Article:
He sets up behind his own net, walks out in front, defender 1 attacks (toe drag), defender 2 goes for the poke check (play off the boards and past him). Defender 3 is out of position and now only 1 defender left, a simple inside out move, now we’re on the outside on the backhand. Time to apply “the can opener”. This involves 3 weight transfers while doing a short tap on either side of the ball, followed by a toe drag. Now, instead of a normal approach where this would involve a shot 5-hole, I do a 180 hop and then drag to the far post around the poke check while moving left to right and tap the ball in while falling down (the directional transfer at my weight is still too much for my like-new skates with indoor wheels to handle).
Nothing but net (and congratulations from teammates / the opposing goalie because it’s men’s league and quite friendly). 26 years of practice leading to this moment, being able to awe 20+ people in a no-name town with all the speed and stick handling practiced in my driveway. Reliving past memories, or simply escaping reality for a bit. Usually, it’s enjoyable, a way of reliving a bit of my past when I did play some competitive hockey for the school team. Reliving that play in my head against Drexel in the post season where I walked the entire team in my 1st season with my best friend growing up watching me torch his college. This day though, was about something else though; escapism.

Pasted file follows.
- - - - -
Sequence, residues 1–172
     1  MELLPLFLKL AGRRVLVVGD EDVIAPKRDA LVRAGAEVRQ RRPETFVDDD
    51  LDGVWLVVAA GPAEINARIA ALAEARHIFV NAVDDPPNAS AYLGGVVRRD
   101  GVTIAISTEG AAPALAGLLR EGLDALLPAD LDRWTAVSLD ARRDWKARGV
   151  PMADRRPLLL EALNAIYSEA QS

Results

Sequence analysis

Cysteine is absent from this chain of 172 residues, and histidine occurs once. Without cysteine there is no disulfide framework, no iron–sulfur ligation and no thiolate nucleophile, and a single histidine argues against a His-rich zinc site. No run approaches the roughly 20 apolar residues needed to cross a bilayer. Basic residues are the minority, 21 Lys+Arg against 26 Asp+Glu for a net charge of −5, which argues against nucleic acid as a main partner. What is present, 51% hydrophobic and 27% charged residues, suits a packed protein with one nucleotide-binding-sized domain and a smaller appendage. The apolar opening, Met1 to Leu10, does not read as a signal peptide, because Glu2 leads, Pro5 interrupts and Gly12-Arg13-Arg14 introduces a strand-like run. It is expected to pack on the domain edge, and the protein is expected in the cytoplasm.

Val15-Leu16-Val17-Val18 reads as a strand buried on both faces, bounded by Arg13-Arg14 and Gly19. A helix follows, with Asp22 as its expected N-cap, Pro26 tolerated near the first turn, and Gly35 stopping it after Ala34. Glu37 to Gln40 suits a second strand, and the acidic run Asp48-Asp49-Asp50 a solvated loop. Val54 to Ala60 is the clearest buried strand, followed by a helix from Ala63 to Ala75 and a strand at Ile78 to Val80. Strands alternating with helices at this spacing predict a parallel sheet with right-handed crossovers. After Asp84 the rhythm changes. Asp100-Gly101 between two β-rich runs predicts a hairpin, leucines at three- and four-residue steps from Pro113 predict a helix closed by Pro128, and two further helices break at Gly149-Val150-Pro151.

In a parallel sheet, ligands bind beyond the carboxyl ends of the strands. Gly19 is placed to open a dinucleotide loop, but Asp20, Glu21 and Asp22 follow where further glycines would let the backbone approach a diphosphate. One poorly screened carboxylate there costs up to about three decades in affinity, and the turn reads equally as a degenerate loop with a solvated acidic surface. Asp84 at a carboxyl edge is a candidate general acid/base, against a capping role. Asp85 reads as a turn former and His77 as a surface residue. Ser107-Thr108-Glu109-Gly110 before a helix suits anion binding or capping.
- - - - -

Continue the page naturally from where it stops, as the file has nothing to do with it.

I don’t write about hockey, and I don’t talk about how much I play because I try to compartmentalize the worlds a bit. But I noticed something in me that I haven’t felt in a very long time. It wasn’t enough to just score, or to setup teammates. I wanted to.. no, HAD, to embarrass the competition. I wouldn’t just play to relax or have fun, I was playing to escape. And I haven’t felt the desire to escape in over 12 years. Hockey to escape, as friends have noted previously, isn’t the same as hockey to have fun. When I’m having fun, I try stuff, I mess up, I play a typical lackadaisical pick up style. We score some, we let up some, someone steals it (oh well).
No, this wasn’t fun hockey. This was escapism hockey (we’ll get to from what). When I play to escape. I don’t just play, I destroy. For example. I missed the 1st period of our game. At the end of 1, the score was 2-1 our team. At the end of the game, it was 17-1. When I play to escape, I don’t let up. I don’t just want to win the game, I want to make it boring for all involved with how much non-stop scoring there is. I want to toe drag every member of the opposition then tip it off to a teammate for a tap in. I don’t like that person. I’ve kept escapism hockey down for a long time not because I don’t like winning; but because I don’t like the person I am that “accomplishes” the winning.
What am I running from?
I’m running from being trapped in this career without any real way of expressing it that doesn’t seem like it would “get me in trouble”. I’ve always been told I have a “don’t give to F’s” attitude which gets others in trouble and leaves me unscathed. Trust me, it doesn’t make me friends when applied to a work context. I’d love not to be this way, that would be really nice at times.